In my old paper files, pre-1983, I have some artifacts not
seen much since: genuine carbon copies. For those younger than 40, that little
abbreviation of cc, ever-present in email options, may only be a computer field
for copying someone. But for those of us who used typewriters, we remember
actual carbon copies: those often smudged and shadowy paper copies of our
In the mid-1980s, when the personal computer arrived on the
scene, it became as easy to print two copies as one. The once-ubiquitous carbon
paper--that tissue-thin, inky paper you'd insert between two sheets of
paper--began its slide into obscurity.
Not that I care. I miss the old carbon paper about as much
as I miss leaded gas and powdered milk.
But today there's a new carbon paper--of sorts. It's called your
Sharing a letter
through a snapshot
Today most correspondence takes place virtually, through
email, electronic greeting cards, Facebook and its kin. But still there are
times when many of us want to connect on a more physical level, putting pen to
paper and paper in hands. Happily, digital technology can now help us gain more
from our heritage technologies of paper and ink, and savor them in new ways.
Lately I've gotten into the habit of taking a picture on my
iPhone of my handwritten notes before I seal them in an envelope. I arrange a
little still life, with the addressed envelope, the note itself, my pen, and
whatever else nearby catches my eye. I create a montage of the moment, a
snapshot of my letter just before it begins its physical journey to its
Later, if I hear from the recipient that he or she enjoyed
the card, I can call up my photo from my pocket and revisit with accuracy what
I wrote, and zoom in to see whether I signed off with "Yours" or "Your fan" or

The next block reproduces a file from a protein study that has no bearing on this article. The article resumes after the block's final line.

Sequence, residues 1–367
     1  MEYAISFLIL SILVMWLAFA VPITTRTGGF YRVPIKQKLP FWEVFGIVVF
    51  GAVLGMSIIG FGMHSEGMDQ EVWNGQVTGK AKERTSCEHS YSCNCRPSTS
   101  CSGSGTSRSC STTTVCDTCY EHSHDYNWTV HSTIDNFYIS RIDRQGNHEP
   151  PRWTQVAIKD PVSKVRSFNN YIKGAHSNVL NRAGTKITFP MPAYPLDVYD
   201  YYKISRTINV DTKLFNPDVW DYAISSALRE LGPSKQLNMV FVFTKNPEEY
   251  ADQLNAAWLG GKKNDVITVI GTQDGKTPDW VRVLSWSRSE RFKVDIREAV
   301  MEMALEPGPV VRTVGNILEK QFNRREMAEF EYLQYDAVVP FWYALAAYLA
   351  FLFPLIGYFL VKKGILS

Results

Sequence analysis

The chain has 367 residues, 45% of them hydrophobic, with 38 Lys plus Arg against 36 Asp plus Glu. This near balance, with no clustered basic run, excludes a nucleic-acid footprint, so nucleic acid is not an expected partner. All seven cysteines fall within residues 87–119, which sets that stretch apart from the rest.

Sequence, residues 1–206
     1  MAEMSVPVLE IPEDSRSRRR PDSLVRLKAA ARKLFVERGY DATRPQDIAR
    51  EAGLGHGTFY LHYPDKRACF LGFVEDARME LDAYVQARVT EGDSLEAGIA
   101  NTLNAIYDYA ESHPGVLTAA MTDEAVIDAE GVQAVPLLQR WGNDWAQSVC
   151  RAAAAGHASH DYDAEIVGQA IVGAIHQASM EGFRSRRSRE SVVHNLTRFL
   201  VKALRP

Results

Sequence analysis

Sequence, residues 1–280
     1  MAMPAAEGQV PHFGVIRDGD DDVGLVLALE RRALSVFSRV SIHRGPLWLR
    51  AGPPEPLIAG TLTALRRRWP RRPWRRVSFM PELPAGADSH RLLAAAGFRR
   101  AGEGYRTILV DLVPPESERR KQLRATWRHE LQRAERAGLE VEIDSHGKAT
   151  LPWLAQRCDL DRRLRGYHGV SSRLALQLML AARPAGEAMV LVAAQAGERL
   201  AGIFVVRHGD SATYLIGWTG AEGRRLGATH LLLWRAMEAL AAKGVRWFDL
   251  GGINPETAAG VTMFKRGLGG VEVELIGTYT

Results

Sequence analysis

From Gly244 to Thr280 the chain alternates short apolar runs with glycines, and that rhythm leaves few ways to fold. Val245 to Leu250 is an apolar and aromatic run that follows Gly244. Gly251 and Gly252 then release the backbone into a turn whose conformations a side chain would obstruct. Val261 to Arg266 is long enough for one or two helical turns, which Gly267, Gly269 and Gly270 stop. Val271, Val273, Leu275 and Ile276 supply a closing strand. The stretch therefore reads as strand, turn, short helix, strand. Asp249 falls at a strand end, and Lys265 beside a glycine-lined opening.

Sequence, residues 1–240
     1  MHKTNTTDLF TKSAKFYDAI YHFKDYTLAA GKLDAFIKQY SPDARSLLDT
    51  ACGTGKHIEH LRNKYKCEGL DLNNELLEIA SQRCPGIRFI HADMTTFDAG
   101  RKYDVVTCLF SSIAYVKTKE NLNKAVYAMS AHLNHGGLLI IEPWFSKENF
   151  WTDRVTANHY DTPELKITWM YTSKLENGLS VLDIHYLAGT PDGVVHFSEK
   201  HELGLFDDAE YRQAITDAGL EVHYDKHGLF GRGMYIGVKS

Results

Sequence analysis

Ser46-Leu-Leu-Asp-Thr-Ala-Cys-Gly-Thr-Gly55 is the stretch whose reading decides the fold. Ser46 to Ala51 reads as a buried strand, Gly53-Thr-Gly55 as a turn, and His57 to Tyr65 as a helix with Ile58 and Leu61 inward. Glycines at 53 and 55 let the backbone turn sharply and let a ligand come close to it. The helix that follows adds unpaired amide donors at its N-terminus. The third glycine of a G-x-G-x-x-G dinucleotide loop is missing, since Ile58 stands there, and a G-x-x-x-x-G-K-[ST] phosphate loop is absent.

"Love." At other times, the letter deserves to be shared with a mutual friend so
that three of us can enjoy a moment.
The digital carbon copies on my smartphone allow me this
rewarding ritual in my life and set in motion a positive feedback loop that has
resulted in my hand-writing more notes, and with more enthusiasm.
In a switch, I've also taken photos of cards I've received
to share with others. For example, we received a sweet little thank-you for a
donation that my father made in person to a small library in Florida. I sent
the photo to my father just moments after I opened the letter in my office. My
father enjoyed it moments later.
Here's the card:
Last year, in response to my blog on the satisfaction of
forcing your mind to recall trivia rather than Googling, I received a most
I had used the example of not being able to remember the
name of a particular actor. In a show of remarkable generosity, one of the
readers of that blog, the autograph dealer Ron Weeks, sent me a photograph of
the actor, Alec Guinness, along with his signature--both beautifully matted in
blue and ready for framing. I decided to send Ron our book on Thoreau in return.
Before I sent Ron the book and my note, I took this photo on
In this one photo are both gifts and both letters--far beyond
the carbon-paper capabilities of yore.
Creating an artful photo is layering art upon art, and can
become a rewarding ritual in itself.
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